My rating: 4 of 5 stars
This is a big thick book with excellent character development and quirky plot. There were times when I thought it was wonderful and couldn't stop reading, and other times when I found it annoying and over-done.
The story follows Theo Decker from the age of 13 until his early adulthood. He is dealt a rotten hand when his mother is killed and he is left to his own devices for survival and maturation in New York. Others have noted the resemblance of this work to Dickens' bildungsroman David Copperfield, and indeed, Donna Tartt is masterful at sentence construction, depiction of mood and description of characters, very much like Charles Dickens. Of course she spent 10 years on this opus-- an average of four days per page-- so, I guess it should be crafted well.
Tartt is best when educating the reader, from art history, furniture refurbishing, and even illicit drug use. She is a wealth of information, both useful and not. Tartt is also surprisingly adept at describing the moods and motivations of adolescent males. Odd.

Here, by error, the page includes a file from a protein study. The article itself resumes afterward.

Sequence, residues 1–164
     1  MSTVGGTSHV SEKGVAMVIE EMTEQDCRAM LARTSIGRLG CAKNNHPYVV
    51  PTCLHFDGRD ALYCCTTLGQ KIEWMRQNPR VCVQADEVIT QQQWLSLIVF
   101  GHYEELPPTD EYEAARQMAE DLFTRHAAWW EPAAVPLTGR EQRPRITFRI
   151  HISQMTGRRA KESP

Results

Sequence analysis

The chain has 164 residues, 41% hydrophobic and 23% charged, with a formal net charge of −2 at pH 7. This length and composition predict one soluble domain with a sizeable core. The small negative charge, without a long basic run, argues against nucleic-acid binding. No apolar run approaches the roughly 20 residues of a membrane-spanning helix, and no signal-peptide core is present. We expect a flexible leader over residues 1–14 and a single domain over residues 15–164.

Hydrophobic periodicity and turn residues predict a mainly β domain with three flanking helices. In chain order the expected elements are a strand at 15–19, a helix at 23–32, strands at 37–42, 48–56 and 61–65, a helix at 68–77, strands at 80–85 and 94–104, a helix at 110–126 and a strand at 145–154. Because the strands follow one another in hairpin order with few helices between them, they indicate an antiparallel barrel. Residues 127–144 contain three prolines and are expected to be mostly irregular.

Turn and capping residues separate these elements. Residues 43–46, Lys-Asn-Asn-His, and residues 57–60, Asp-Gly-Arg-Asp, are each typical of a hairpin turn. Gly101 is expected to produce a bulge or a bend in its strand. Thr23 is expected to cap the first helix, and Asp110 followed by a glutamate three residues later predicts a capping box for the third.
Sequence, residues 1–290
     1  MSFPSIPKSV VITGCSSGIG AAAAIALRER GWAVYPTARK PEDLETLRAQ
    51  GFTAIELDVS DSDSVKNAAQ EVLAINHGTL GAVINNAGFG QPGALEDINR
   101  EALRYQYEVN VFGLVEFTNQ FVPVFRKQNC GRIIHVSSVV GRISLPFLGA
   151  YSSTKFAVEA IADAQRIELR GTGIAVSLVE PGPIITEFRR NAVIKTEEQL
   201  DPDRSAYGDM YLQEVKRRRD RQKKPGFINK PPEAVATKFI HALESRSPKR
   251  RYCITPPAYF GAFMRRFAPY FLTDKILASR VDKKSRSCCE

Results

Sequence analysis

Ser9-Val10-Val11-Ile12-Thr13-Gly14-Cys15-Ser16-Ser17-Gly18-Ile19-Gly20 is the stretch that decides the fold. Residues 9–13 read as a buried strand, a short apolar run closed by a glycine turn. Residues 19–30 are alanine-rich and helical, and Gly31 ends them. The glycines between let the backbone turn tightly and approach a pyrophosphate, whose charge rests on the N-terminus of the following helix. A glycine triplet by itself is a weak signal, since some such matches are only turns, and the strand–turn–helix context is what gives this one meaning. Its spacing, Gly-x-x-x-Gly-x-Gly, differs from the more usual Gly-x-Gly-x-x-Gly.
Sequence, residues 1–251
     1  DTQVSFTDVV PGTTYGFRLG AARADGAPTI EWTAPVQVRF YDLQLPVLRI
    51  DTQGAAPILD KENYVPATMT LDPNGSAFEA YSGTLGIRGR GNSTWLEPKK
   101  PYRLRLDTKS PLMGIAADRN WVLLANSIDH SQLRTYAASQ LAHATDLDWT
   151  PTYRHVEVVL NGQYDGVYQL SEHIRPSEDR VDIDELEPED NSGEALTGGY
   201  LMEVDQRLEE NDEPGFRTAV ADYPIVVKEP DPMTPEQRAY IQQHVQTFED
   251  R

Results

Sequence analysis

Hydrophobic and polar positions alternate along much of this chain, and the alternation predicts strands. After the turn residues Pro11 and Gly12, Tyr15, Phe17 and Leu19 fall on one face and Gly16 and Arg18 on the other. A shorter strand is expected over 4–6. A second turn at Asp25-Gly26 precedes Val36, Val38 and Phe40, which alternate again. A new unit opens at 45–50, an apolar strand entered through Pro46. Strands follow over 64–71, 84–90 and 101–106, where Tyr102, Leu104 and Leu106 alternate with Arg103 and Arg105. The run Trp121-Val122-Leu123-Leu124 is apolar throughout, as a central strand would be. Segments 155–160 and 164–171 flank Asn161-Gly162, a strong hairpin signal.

Actually, I found this novel more closely akin to Somerset Maugham's Of Human Bondage: the pained existentialism, the reckless lifestyles, longing for love, the struggle for meaning. Maugham, however, wrote a semi-autobiographical work and it seemed more realistic and pertinent where The Goldfinch is fantastical in most plot twists.
Certainly, I can see why The Goldfinch is acclaimed. The writing is smooth as butter and the story is compelling, although it devolved into a Robert Ludlum-esque thriller in the final 150 pages, which I found mildly annoying.
Read the book. Better, read Of Human Bondage.
View all my reviews